Top Obama Military Backer Breaks With President Over Cuts in Funding for the F-22 Raptor

Posted on July 18, 2009. Filed under: Uncategorized |

Another respected military voice is chiming in against the administration’s plan to end production of the F-22 Raptor fighter.

Retired Gen. Merrill McPeak, who was the Air Force chief of staff during the 1991 Operation Desert Storm and who credited air power with winning the war, was one of Obama’s strongest military backers during his run for the White House. reports that now McPeak is breaking with Obama on the president’s most contentious defense budget decision: ending production of the Air Force’s top-line fighter at 187 aircraft. Both the House and Senate have signaled support for continuing the program, but Obama has threatened to veto any bill that contains new F-22 funding.

“I think it’s a real mistake,” McPeak told “The airplane is a game-changer and people seem to forget that we haven’t had any of our soldiers or Marines killed by enemy air since 1951 or something like that. It’s been half a century or more since any enemy aircraft has killed one of our guys. So we’ve gotten use to this idea that we never have to breathe hostile air.”
“We do not want to field an Armed Forces that can be defeated by someone simply by topping our capability,” he said. “The F-22 is at the top end. We have to procure enough of them for our ability to put a lid on, to dictate the ceiling of any conflict.”
The radar-evading fighter/bomber’s role is needed to control the skies in a future war against a major foe. McPeak and F-22 backers in Congress say 187 planes are simply not enough to do that job given the fact that some will be needed to train pilots and others will be in regular depot maintenance. That may leave only about 100 planes available for a war.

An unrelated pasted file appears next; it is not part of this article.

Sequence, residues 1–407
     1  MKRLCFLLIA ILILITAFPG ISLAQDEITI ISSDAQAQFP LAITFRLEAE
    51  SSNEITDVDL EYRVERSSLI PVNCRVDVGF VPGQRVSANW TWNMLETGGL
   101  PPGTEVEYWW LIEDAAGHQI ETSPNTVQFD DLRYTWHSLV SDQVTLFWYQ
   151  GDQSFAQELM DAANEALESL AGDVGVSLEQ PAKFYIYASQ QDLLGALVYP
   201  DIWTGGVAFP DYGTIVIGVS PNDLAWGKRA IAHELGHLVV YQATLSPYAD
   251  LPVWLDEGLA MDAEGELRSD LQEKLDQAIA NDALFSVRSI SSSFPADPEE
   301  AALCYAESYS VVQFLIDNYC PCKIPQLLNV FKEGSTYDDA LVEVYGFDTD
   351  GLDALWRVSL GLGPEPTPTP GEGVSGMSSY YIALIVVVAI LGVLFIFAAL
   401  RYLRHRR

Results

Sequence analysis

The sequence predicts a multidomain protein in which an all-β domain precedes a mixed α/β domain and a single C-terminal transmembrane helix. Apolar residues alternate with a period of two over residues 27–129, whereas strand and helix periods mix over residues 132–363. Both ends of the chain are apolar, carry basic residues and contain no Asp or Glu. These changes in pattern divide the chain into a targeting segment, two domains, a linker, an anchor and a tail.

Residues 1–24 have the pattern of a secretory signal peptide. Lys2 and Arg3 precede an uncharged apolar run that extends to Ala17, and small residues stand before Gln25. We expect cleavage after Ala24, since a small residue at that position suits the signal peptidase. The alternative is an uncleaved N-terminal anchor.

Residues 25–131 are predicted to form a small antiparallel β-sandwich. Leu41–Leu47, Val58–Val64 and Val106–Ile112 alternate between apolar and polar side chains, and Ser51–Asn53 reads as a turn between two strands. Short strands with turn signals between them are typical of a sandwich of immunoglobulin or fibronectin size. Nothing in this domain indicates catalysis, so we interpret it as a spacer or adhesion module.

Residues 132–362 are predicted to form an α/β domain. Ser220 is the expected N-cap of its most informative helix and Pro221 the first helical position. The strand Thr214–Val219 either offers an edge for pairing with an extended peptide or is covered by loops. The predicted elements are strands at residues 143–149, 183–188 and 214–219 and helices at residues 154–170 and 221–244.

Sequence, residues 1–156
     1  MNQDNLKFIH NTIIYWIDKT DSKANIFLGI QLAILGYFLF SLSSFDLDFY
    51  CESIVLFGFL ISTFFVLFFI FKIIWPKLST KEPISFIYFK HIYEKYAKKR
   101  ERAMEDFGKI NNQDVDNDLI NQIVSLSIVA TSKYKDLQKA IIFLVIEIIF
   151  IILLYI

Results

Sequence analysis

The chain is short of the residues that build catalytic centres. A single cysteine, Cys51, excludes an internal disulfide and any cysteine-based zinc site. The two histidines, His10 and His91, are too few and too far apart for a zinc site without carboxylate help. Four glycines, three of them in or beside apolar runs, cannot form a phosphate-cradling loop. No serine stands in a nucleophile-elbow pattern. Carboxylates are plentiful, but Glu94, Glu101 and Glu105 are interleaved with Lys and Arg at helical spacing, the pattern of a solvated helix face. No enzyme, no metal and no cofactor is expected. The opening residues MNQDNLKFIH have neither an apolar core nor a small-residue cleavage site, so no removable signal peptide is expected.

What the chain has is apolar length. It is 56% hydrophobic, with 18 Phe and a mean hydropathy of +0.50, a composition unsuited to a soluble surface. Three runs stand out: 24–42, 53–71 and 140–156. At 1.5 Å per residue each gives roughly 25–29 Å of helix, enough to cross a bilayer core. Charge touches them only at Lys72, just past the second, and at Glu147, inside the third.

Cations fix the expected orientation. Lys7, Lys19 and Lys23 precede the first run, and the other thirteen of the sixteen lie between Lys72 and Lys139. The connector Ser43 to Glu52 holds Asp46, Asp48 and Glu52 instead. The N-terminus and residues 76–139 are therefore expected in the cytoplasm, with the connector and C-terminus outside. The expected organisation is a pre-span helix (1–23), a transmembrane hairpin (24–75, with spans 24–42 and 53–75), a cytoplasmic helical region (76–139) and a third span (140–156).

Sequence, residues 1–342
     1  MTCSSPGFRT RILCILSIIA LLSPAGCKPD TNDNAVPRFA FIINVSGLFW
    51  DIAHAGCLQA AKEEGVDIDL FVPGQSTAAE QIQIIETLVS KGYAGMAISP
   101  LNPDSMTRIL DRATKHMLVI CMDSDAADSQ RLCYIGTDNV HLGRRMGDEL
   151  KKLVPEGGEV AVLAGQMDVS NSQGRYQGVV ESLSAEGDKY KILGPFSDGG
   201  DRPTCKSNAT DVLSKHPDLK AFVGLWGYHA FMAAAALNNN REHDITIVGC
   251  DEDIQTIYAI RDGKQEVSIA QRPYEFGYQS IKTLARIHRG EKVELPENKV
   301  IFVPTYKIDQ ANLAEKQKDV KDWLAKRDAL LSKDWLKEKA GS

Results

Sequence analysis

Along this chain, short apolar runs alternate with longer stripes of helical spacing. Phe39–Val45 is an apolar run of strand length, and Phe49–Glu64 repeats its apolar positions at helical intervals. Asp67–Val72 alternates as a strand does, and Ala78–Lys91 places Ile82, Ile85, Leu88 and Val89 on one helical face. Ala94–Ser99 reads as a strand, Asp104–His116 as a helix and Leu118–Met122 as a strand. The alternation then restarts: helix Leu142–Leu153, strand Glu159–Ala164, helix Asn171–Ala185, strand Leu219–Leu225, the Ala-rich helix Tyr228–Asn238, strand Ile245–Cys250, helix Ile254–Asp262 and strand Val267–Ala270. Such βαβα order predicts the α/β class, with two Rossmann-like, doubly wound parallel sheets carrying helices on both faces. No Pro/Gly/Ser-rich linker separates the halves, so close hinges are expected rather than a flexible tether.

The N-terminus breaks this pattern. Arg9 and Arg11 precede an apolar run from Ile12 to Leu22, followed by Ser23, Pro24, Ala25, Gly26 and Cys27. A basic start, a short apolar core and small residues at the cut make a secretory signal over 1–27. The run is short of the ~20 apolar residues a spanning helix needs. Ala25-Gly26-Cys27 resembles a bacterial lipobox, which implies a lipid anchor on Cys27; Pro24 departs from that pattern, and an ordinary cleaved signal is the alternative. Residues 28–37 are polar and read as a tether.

“We certainly need some figure well above 200,” said McPeak. “That worries me because I think it is pennywise and pound foolish to expose us in a way this much smaller number does … That’s taking too much high-end risk.”
Designed as a successor to the F-15A, the F-22 is the world’s most advanced fighter. It is faster, can fly higher, and has better stealth capabilities than any other fighter. The Air Force has stated repeatedly that ending the program at 187 planes would threaten U.S. air dominance.

Defense Secretary William Gates has proposed ending production of the F-22 at 187 planes, though Air Force and Air National Guard brass have said a minimum of 250 are needed. President Obama said again this week he will veto any measures that would continue the F-22 program.

While the Pentagon says jobs are not part of its procurement calculations, ending production of the F-22 would cost 25,000 direct and 75,000 indirect jobs at 1,000 vendors in 44 states.  Unions representing steelworkers, machinists and other workers have urged continued funding for the fighter.

McPeak is at least the third major military voice to speak against the Pentagon plan.

Gen. John D.W. Corley, commander of the Air Force’s Air Combat Command, said in a recent letter to Congress that ending production of the F-22 at 187 planes “puts execution of our current national military strategy at high risk in the near to mid-term.”  He added that “a moderate risk force can be obtained with an F-22 fleet of approximately 250 aircraft.”

Lt. Gen. Harry M. Wyatt III, director of the Air National Guard, also defends the program, saying in a separate letter that “the current and future asymmetric threats to our nation, particularly from seaborne missiles, requires a fighter platform with the requisite speed and detection to address them….The F-22’s unique capability in this arena enables it to handle a full spectrum of threats.”


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